It may or may not go down in Iraq's dreadful recent history as the "Thanksgiving Day massacre". But one thing is certain: the car-bombing that killed more than 130 people in the Sadr City district of Baghdad could not have come at a worse moment for the beleaguered Bush administration as it seeks to end the sectarian violence tearing the country apart and get US troops home.
Like the killing of Pierre Gemayel in Lebanon on Monday, the atrocity might have been timed to expose how the US - its military power and moral authority sapped by the war - has lost most of whatever influence it had to shape events in the Middle East.
Over the next few days, President George Bush and Vice-President Dick Cheney will lead, in person, an unparalleled diplomatic effort by Washington to find a face-saving exit formula. It comes ahead of the completion of keenly awaited Iraq policy reviews by the Pentagon and by a bipartisan commission headed by the former secretary of state, James Baker.
Mr Cheney leaves today for Saudi Arabia and talks with King Abdullah. At the top of the agenda will be a possible role for the Saudis in reining in the Sunni insurgency, suspected of being behind the bombings in Shia Sadr City. Early yesterday, Iraqi media said the Vice-President had brought forward his trip in order to make a surprise Thanksgiving Day visit to the 145,000 US troops in Iraq, similar to the secret journey made by Mr Bush in November 2003. However, the White House swiftly denied the report.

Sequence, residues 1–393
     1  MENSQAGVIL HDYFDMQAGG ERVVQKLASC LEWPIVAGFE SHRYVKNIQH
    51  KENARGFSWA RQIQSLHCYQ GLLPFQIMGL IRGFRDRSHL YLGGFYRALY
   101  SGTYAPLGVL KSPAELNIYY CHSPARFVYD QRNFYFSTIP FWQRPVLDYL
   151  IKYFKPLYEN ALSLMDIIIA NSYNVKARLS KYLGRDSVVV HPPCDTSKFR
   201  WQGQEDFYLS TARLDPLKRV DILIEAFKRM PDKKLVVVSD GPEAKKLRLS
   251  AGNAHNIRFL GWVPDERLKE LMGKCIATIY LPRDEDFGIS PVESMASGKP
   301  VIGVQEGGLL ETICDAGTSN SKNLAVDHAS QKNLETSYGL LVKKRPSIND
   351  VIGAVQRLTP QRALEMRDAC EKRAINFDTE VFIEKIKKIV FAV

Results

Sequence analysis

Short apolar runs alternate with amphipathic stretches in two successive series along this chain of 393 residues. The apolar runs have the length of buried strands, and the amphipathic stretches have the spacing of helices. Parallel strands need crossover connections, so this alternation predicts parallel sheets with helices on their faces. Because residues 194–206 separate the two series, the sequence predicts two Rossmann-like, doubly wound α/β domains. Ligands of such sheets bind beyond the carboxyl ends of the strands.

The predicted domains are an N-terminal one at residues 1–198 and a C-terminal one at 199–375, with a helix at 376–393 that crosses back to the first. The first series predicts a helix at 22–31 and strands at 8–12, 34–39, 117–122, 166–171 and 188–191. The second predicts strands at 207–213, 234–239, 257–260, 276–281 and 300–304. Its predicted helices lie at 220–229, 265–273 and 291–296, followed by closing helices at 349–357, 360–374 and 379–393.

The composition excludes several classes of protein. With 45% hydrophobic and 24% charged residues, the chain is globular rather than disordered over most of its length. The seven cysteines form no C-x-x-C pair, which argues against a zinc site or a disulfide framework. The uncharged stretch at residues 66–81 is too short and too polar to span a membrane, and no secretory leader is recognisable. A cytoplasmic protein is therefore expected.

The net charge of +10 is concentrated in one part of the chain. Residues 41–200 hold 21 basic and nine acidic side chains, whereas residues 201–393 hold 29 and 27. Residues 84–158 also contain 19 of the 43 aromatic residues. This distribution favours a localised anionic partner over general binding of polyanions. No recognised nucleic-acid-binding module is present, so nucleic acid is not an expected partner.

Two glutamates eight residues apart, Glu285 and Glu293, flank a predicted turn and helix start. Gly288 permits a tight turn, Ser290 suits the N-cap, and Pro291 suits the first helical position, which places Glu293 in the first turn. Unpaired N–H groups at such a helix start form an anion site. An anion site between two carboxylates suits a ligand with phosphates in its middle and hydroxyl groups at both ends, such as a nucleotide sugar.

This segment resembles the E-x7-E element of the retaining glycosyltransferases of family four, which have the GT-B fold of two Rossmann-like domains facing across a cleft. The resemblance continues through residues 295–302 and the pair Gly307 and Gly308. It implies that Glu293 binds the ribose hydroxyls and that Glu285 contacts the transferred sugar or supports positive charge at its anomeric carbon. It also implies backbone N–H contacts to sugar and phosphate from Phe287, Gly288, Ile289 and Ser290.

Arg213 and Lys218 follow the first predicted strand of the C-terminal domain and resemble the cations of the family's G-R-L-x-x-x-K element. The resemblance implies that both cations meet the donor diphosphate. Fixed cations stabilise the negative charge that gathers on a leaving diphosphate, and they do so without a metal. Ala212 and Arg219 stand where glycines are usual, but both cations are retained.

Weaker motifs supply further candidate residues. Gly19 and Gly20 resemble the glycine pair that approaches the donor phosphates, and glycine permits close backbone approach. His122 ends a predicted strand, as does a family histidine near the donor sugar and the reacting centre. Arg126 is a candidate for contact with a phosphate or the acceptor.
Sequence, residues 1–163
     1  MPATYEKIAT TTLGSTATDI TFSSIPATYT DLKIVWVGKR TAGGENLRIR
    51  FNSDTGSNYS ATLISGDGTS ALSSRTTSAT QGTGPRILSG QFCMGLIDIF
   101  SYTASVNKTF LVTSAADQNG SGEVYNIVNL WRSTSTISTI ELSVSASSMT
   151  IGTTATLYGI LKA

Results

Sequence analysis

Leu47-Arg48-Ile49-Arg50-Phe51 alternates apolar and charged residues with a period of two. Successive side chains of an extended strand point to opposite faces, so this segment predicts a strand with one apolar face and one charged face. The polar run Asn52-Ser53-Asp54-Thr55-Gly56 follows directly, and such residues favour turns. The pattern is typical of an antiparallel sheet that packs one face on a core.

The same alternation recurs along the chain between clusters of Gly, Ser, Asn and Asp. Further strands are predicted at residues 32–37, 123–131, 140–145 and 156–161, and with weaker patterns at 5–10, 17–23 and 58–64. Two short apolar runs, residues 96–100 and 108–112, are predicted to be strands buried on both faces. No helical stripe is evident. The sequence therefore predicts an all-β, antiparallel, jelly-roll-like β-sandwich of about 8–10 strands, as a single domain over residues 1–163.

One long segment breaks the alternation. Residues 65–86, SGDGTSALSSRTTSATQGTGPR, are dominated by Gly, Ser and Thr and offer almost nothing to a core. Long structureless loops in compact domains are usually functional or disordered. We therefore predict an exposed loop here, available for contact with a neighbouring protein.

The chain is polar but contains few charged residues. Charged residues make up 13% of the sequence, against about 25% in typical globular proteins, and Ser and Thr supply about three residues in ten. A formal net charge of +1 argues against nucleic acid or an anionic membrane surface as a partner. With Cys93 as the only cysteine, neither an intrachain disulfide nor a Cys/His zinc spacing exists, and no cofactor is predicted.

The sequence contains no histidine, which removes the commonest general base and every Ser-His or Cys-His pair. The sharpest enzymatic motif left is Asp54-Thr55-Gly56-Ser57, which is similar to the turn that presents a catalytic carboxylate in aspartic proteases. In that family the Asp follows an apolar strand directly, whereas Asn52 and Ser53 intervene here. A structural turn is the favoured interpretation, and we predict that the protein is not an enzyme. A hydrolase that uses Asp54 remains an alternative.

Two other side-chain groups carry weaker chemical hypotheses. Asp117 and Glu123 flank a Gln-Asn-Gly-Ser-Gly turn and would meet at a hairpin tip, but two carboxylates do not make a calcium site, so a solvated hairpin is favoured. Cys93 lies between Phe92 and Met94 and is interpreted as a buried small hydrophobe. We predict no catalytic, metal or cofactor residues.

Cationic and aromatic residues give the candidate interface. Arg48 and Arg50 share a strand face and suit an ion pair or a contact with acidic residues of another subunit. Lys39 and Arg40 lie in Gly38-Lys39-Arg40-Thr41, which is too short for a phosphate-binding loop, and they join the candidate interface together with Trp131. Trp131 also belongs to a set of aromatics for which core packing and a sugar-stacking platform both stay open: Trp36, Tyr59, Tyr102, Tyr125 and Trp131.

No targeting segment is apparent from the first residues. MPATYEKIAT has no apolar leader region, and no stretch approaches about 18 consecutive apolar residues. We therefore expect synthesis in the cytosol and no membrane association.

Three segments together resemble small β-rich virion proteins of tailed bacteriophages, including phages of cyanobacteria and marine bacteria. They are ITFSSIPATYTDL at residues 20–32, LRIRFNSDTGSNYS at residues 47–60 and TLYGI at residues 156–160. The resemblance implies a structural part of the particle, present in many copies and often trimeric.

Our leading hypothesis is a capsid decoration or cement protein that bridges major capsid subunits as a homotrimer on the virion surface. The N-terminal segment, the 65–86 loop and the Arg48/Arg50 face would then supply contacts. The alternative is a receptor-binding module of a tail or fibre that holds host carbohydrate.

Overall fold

Next week, the President himself goes to the region to confer with Nouri al-Maliki, the Iraqi Prime Minister. But, in a sign of how dangerous Baghdad has become, the meeting will take place on the far safer territory of Amman, Jordan.
Officially, it is billed as a show of confidence by Washington in the embattled Prime Minister, who has been strongly criticised by administration officials for his failure to take on the Shia militias who control parts of the country. That will again be a key topic at the Amman talks, along with the need for measures to restore order in Baghdad itself - accepted as the prerequisite for any settlement that would permit US forces to leave.
But the triple car-bombing yesterday, carried out almost certainly by Sunnis, has shown yet again how hard that task will be. US commanders have acknowledged that a joint crackdown in Baghdad by American and Iraqi forces in the summer has not succeeded. Its failure was underlined by United Nations figures showing that 3,709 Iraqi civilians were killed by the violence in October, the highest monthly figure yet.
Now the Pentagon and the Baker commission are deciding whether to sent an extra 20,000 or 30,000 US troops to Iraq, and, in particular, to Baghdad, in a last-ditch effort to get a grip on the violence. But yesterday's events suggest even that may not be enough.Reuse content